When small business owners look for a loan or working capital, the only question is typically "cost of funds". If that is your only question as you search for working capital, that is clearly the wrong question.
Vanessa and Steve look like a very nice couple. I admire them a great deal because they are both making their own way in the world. She is a mom, business owner, wife and community member. Anyone who as been there recognizes the challenge that presents. I almost feel like I know her because I know so many wonderful people like her.
Here is the problem: When you work longer hours for less money, drive trash home to save a few pennies and eventually have to sell your home, there is a problem greater than an economic slowdown. There is a problem with your business which you, as the business owner, are incapable of seeing.
I wish someone would shake her rather than praise her, in the end it is a better form of love, which brings us the concept of dream insurance. When you read the story of Vanessa, you'll see that she has always held a dream of running her own business. My guess is that dream did not include driving home trash, limited opportunity, stress, sleepless nights and eventually selling her home. Tough love is required here...
Now, Consider Jim and his two brothers. They also had a dream of running a great local grocery store in Nebraska City, Nebraska. It was a great and profitable dream for almost 12 years until Wal-Mart moved to town and the dream faded into a night mare pretty quickly.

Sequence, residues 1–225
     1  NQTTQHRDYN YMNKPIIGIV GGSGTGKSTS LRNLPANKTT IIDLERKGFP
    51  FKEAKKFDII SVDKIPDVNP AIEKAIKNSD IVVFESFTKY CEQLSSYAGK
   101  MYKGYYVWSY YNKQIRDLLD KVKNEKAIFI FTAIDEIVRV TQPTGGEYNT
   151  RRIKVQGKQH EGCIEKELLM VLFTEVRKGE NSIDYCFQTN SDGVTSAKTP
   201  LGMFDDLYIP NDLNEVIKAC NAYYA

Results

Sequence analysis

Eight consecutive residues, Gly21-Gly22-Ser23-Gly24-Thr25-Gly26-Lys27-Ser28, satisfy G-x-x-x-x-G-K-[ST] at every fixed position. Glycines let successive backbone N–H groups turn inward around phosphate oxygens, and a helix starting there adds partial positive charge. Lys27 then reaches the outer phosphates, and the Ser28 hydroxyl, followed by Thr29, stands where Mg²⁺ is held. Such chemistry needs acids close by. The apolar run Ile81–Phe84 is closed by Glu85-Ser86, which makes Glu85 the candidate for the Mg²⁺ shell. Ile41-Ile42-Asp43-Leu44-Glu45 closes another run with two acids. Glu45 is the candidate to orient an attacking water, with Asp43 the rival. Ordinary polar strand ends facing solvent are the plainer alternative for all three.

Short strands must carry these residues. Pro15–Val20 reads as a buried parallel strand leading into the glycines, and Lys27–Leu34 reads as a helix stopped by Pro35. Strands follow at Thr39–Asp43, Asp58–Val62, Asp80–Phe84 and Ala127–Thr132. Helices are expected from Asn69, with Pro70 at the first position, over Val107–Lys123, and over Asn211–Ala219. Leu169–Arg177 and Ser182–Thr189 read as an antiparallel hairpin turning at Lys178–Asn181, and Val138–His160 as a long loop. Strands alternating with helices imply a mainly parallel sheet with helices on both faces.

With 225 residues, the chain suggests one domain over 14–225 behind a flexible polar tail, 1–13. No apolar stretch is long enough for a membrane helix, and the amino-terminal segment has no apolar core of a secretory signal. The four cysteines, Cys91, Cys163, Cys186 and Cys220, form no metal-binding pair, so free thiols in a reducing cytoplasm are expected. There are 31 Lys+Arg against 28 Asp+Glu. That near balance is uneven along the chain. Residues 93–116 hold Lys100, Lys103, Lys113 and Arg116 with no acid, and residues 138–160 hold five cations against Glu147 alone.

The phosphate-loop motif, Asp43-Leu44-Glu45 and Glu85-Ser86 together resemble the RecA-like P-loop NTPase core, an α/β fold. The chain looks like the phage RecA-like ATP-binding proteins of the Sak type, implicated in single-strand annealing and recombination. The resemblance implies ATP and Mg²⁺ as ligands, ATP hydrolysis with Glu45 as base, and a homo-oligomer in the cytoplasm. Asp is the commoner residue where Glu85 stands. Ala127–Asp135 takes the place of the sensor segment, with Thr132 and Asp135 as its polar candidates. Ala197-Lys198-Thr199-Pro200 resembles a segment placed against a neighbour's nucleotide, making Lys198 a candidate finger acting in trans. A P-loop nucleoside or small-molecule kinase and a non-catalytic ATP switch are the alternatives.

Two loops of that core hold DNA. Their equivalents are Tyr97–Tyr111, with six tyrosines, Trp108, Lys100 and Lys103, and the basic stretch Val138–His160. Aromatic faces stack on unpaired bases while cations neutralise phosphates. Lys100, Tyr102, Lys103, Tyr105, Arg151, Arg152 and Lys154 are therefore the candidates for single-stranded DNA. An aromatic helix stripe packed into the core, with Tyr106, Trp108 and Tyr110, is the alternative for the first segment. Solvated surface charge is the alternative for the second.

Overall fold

Before the boys gave up on their dream, they spend over $190,000 to bring a coffee and sandwich franchise into their market. They funded that expansion with a business cash advance and when the business ultimately could not survive the price cutting and volume discounts from Wal-Mart, they were able to walk away from the $97,000 remaining balance due on their business cash advance.
At the time, they had other funding options which could have saved them a couple thousand dollars in financing costs. Instead, they decided to pay a little extra for "dream insurance". Today, that decision has left them unencumbered from that $97,000 balance. Today they are dreaming again, pursuing two new business ventures, and greatly relieved they spent a little bit extra to insure their dream, just in case.
Dreaming is essential to our economy and our country. Our cities and towns have been built by entrepreneurs with big dreams. However, you can not ignore business history and the reality that over 70% of businesses will not survive 10 years. With those odds, dream insurance may not be a bad ides.
Business cash advance is one way to hedge the down side as an entrepreneur; perhaps you have another suggestion...?
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